A Review of William Cronon’s “Changes in the Land: Indians, Colonists, and the Ecology of New England”
In less than about one hundred years, the ecosystem in New England was irreparably transformed that changed the way of life for the native Indians found in North America.
The basis of this opinion is that the change from the dominance by the Indians to the supremacy of the Europeans was as a result of changes that apart from being well known can be attributed to the important reorganization hitherto unknown to historians. He states that as the people who inhabited Europe got into contact with the ecosystem present in North America, the distinction slowly disappeared illustrating this through several evidence that explains the reasons that caused the change in the ecology of Europe. The work of Cronon is majorly based on records, reports and information derived from science and he argues that he found it invaluable to use other data such as court records or town hall records as well as tales by travelers. This is because he believed the inadequate ecological educational level and the open bias by Europeans towards the historical records had a restriction on the final outcome. Moreover, he believed that some of these reports were deliberately biased in that they attempted to make the nations that had been colonized seem more appealing to those who were not natives.
This is also due o the fact that the natives of Europe looked at land from an economic angle and never bothered about the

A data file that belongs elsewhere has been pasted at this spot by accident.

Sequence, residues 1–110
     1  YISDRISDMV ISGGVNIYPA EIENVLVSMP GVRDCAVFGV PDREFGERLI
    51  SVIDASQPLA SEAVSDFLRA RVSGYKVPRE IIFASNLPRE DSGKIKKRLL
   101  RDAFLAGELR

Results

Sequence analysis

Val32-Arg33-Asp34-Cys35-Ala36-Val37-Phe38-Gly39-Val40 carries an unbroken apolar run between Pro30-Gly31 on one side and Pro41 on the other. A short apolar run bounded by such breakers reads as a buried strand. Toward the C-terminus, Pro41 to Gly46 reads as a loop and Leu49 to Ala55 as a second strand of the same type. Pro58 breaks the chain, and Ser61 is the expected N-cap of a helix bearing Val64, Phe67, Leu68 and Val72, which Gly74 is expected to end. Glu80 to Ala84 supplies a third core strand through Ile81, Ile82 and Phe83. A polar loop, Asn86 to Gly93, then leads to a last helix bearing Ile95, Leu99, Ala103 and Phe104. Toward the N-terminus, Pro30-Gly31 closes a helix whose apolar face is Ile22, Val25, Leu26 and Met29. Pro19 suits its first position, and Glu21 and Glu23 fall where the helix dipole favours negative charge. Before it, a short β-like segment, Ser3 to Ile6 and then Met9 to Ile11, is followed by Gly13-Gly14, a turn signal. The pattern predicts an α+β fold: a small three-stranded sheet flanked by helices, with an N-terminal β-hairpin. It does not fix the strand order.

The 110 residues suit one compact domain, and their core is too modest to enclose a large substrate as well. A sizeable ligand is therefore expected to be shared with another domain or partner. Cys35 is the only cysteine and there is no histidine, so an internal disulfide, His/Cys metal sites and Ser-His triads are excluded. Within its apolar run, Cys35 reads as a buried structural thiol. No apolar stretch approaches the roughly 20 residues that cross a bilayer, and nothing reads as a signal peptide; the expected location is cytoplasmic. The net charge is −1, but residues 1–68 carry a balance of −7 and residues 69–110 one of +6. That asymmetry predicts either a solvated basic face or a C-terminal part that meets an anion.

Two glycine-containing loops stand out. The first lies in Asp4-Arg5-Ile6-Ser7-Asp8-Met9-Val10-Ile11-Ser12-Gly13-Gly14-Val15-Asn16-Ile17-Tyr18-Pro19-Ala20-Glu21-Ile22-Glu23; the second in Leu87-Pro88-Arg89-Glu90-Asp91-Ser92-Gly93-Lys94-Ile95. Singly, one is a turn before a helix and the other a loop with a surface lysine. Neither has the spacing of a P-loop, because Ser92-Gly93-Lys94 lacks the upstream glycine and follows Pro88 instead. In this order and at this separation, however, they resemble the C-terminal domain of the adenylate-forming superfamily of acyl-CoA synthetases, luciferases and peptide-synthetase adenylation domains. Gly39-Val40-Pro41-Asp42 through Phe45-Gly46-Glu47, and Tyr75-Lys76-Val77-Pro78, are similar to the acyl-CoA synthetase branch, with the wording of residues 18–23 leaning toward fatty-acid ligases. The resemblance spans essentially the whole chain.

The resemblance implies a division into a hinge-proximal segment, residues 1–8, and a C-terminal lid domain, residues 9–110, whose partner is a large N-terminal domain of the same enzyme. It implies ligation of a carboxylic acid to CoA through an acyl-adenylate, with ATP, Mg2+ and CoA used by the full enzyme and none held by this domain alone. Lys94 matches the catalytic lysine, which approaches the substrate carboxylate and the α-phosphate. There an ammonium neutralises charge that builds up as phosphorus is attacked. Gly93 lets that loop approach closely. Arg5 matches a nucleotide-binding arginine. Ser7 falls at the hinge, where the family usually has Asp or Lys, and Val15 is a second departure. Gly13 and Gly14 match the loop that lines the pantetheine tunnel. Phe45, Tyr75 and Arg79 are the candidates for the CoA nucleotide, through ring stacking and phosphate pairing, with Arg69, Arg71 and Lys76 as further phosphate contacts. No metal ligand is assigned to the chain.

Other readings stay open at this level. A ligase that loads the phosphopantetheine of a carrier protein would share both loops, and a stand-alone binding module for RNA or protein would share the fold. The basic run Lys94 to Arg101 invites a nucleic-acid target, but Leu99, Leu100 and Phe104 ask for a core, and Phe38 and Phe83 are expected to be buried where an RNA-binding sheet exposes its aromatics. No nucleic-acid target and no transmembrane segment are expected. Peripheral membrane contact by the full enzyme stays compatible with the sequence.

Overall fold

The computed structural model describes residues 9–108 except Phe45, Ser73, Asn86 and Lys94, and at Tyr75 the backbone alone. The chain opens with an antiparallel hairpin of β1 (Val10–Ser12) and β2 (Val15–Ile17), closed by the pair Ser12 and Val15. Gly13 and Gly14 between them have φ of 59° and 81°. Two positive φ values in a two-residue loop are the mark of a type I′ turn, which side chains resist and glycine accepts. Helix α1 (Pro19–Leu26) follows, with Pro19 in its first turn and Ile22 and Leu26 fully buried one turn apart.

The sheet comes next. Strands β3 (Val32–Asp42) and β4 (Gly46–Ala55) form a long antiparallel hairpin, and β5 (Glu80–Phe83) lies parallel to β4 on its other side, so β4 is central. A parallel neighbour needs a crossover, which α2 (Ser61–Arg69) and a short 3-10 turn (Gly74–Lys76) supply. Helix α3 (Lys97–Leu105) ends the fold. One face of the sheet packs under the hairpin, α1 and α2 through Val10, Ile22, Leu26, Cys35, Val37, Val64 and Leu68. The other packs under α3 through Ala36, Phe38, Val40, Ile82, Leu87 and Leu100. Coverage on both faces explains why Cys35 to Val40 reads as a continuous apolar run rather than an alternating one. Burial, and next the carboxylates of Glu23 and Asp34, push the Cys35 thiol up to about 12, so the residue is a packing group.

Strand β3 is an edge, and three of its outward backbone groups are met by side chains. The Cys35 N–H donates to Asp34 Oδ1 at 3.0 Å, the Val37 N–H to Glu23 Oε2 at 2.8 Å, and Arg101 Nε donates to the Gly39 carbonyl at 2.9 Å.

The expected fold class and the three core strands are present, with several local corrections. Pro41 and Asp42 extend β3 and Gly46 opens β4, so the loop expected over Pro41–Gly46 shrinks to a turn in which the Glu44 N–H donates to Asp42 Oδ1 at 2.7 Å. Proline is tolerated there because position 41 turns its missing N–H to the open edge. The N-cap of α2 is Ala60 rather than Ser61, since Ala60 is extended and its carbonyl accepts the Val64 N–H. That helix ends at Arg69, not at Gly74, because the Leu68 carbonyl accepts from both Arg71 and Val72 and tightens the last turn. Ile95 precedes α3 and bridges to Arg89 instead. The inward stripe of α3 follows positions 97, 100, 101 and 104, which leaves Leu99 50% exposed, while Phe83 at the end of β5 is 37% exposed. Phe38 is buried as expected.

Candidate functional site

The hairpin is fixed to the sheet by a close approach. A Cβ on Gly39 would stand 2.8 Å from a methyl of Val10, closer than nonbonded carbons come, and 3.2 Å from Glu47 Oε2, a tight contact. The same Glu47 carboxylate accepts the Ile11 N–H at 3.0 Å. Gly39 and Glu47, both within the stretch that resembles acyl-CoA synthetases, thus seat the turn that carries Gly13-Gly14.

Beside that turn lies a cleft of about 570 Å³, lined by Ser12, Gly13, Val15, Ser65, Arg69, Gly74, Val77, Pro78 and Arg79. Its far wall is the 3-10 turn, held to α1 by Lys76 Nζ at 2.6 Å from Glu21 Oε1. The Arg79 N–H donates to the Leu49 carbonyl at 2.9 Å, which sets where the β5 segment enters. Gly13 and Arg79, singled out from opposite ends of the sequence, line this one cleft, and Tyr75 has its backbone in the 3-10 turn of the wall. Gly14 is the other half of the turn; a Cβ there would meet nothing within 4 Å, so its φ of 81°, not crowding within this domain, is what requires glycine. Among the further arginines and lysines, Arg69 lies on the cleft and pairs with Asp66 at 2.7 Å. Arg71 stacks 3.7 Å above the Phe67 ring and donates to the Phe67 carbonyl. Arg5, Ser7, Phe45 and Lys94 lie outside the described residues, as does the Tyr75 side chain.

aspects of nature. In his work, Cronon states that the Europeans were quite shocked at the environment they came across in New England as what they had earlier perceived was just the coastline but not the hinterlands that teemed with plants and animals. These settlers were not used to virgin and untamed lands as what they had always known is that the landscape for hunting back home in England was the preserve of the Crown and other wealthy aristocrats. The New England was covered with dense forests and this seemed alien to the settlers in that back home, the forests had been depleted for the timber used as fuel. Similarly, these Europeans were dumbfounded due to the absence of domestic animals that was an integral part of the agriculture practiced in Europe. It is important to note that the cycle of seasons and the climate of New England bore a same resemblance to that of Europe. Still, about one hundred thousand Indians were already settlers in New England as at 1600 almost similar to the about ninety three thousand Europeans who had inhabited the place as at 1700. The settlers from Europe and India had different views on ways of utilizing the land that was in New England. Cronon states that many of the European settlers seemed surprised that the Indians lived in abject poverty despite the fact that they occupied land that is rich in natural flora and fauna (Cronon 33). Cronon argued that to have a proper understanding of what transpired at this moment in terms of the change in ecosystem, one must comprehend the distinctive practices between the European settlers and the Indian natives of North America. The Indians lived a largely pastoralists way of life by exploiting the seasonal diversity of the environment mostly in search of food through hunting and fishing which the Europeans criticized. The Europeans often misconceived this as a primitive way of life as they could not understand how the Indians willingly went hungry even when aware that food would be scarce in the winter months. They were however impressed by the scorching of the forests and the bushes by the Indians which provided clear spaces for hunting and planting crops. The Europeans also failed to understand the division of labour among the Indians as amongst these inhabitants of North America, the females did the farming while the males hunted as opposed to Europe. While the